井の中の蛙

9/5/2011

Twitterstorian Anniversary

Filed under: — Jonathan Dresner @ 4:56 pm

Telephones - late 1800s-1930sAs an historian, I consider anniversaries irrelevant. However, as a social function, naturally, they matter a great deal, and the internet itself moves so quickly at times that it’s worth looking back regularly to maintain perspective. Twitter itself, for example, is less than five years old, and I’ve been using it for about two years. About a year two years1 ago, our erstwhile colleague Katrina Gulliver began cataloging historians on twitter under the title Twitterstorians, and now has a list of a few hundred participants, ranging from personal accounts to institutional ones to historical recreation and quotation lists.

Like any social media, a lot of what happens on twitter appears to be fluff and nonsense, even a lot of what comes from the accounts of bona fide historians. I consider twitter to be a kind of semi-professional discussion: not a private, personal space,2 nor a professional project,3 but a space for informal discussions on political, cultural, historical and educational matters (with the ocassional foray into fluff and nonsense, for fun). I do have some local colleagues on twitter, and there are a few other Japanese historians4 as well as a pretty good collection of non-historian Japan-interested folks.
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  1. What a shameful mistake for an historian! []
  2. I use facebook for that, where I limit my contacts to family, close friends and long-time acquaintances. No, I don’t assume it’s secret (which is what most people mean by ‘private’ but that it’s out of easy reach, and personal rather than professional) []
  3. Like this blog, or my course blogs []
  4. not a complete list. Morgan Pitelka has an account, though he doesn’t say much. I’m sure there are more, too. There always are. []

4/11/2010

Frog in a Well Guides: A Basic Guide to Resources on Japanese Colonialism

Filed under: — K. M. Lawson @ 8:06 pm

Here at Frog in a Well we have attempted to occasionally go beyond our role as a publisher of three group weblogs on the history of East Asia. Though it still has very few entries, our Frog in a Well Library contains some primary historical documents. The East Asian Libraries and Archives wiki contains a slowly growing collection of entries with useful information about libraries and archives in East Asia, as well as other information on databases, organizations, and links to other similar resources.

We would now like to announce a new addition: Frog in a Well Guides. Here we would like to host a collection of guides, created by students or scholars of East Asia. We currently imagine these to be primarily bibliographies or research guides tailored to specific areas of research on East Asia. It is inspired by other wonderful existing resources such as the Modern Chinese History bibliography, the Korean History Bibliography, and most of all the wonderful work by students of Professor Henry Smith’s Japanese Bibliography course at Columbia University.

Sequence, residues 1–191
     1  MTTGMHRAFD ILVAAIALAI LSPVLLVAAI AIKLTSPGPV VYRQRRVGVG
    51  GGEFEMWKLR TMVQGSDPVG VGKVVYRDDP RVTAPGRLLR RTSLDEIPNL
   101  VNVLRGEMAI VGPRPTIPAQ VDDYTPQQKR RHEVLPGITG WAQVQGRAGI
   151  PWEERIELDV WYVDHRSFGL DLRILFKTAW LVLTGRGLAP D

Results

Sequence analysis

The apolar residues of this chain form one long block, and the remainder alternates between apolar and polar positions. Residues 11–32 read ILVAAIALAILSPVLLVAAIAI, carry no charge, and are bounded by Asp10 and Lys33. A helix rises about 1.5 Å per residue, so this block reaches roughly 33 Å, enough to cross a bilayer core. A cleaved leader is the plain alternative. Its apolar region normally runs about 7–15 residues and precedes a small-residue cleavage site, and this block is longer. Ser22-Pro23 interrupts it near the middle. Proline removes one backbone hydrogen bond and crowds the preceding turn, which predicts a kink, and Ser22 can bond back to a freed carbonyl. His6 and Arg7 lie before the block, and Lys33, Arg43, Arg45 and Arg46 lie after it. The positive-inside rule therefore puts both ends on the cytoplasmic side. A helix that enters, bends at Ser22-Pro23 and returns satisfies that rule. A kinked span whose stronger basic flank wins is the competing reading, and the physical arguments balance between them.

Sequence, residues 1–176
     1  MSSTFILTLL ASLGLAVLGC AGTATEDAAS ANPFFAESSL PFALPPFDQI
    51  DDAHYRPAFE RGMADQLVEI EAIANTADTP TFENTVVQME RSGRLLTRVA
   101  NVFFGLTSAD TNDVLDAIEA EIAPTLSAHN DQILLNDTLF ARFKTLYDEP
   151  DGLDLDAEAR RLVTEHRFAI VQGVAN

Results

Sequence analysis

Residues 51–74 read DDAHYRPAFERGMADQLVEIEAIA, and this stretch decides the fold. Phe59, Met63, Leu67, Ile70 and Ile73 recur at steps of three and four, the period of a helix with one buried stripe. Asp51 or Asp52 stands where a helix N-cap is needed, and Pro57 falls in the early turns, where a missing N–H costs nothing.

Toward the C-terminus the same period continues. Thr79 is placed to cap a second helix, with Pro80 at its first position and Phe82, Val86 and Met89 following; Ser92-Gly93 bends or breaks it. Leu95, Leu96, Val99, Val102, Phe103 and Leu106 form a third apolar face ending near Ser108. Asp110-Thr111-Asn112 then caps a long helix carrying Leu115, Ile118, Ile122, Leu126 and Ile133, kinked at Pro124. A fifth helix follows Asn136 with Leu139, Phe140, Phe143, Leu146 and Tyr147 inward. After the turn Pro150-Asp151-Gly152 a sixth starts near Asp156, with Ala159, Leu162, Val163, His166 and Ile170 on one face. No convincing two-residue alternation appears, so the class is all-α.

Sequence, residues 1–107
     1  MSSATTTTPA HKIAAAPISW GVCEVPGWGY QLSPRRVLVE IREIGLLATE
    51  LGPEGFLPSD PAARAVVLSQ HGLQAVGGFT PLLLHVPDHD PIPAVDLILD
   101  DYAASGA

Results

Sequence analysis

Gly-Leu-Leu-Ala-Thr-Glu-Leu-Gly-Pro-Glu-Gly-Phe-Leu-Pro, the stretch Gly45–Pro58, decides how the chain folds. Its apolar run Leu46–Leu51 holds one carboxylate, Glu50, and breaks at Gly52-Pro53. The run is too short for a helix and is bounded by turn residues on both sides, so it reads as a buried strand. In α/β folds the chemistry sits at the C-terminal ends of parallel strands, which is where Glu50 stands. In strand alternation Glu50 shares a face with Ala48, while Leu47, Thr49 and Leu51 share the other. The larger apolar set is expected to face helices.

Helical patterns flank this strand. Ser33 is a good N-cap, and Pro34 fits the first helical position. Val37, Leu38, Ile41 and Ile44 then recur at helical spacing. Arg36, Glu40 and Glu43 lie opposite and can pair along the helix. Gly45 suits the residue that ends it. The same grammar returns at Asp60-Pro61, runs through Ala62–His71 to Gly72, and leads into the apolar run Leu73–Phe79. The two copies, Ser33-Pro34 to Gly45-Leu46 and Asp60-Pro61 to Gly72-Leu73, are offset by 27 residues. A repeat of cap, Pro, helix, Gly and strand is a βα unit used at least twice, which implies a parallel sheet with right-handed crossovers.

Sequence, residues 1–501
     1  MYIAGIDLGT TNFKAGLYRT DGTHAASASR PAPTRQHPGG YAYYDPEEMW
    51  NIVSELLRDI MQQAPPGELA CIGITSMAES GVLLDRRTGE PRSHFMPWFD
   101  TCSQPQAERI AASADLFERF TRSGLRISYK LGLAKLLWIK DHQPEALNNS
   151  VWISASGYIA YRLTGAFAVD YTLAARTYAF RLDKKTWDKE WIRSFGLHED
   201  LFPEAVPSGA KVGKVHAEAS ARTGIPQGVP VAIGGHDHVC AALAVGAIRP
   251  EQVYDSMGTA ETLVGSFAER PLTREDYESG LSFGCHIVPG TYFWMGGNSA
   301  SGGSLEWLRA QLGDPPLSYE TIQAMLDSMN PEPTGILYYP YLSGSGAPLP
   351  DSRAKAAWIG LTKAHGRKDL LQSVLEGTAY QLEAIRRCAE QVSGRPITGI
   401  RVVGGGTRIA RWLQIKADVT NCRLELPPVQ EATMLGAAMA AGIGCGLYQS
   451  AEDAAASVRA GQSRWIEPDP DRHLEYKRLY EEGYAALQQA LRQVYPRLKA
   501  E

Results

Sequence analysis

All the guides will be published with a Creative Commons license to allow the greatest possible freedom in using them, and we welcome edited, revised, or expanded versions of existing guides by new authors. Also, each guide will have its own page on the EALA wiki where anyone may leave comments, or recommendations for others to incorporate in future updated versions.

Our first guide has been contributed by our own Sayaka Chatani, PhD Candidate at Columbia University:

A Basic Guide to Resources on Japanese Colonialism

The EALA wiki page for the guide, if you have suggestions can be found here. Many thanks to Sayaka for contributing this.

3/18/2010

Modern Digital Library vs Google Books

Filed under: — K. M. Lawson @ 9:06 pm

When the Japanese National Diet Library started putting Meiji period and Taishō period books online and fully viewable in their Modern Digital Library (近代デジタルライブラリー) I remember thinking, “Wow, this is amazing! If only there could be access to books in other languages on this scale!”

That collection now has over 150,000 books scanned and included in their database. You don’t need any special plug-ins and the page images are JPEGs. Great job!

This past week I have been doing some heavy lifting research without any library access and Google Books has once again showed itself to be a real friend. I have been able to look up things so fast, with such precision, and check even small obscure details with such ease from a kitchen in Sackets Harbor New York that I’m incredibly tempted to abandon my study of the 1930-40s and never again touch a subject which goes past 1920: why? Because there is a good chance that if you search for something Google Books has before 1920, it will be in full view and you can read, search, and download to your heart’s delight. There are exceptions, which I have complained about on numerous occasions, but still, each time I sit down and really do some heavy searching with Google Books I find an ever increasing availability of even quite obscure works in their database scanned from some of the best libraries around. The limited preview is also incredibly useful as I increasingly look things up with a quick search on Google Books instead of picking up that same book on my table half a meter away. When one knows certain tricks, the limited preview is not even that limited when you really need to read a few pages denied to you.

The internet is now filled with debates about what the Google Books settlement will mean for publishers, writers, and researchers, as well as casual readers on the internet. I don’t want to fight that fight here, but I will point out one obvious fact: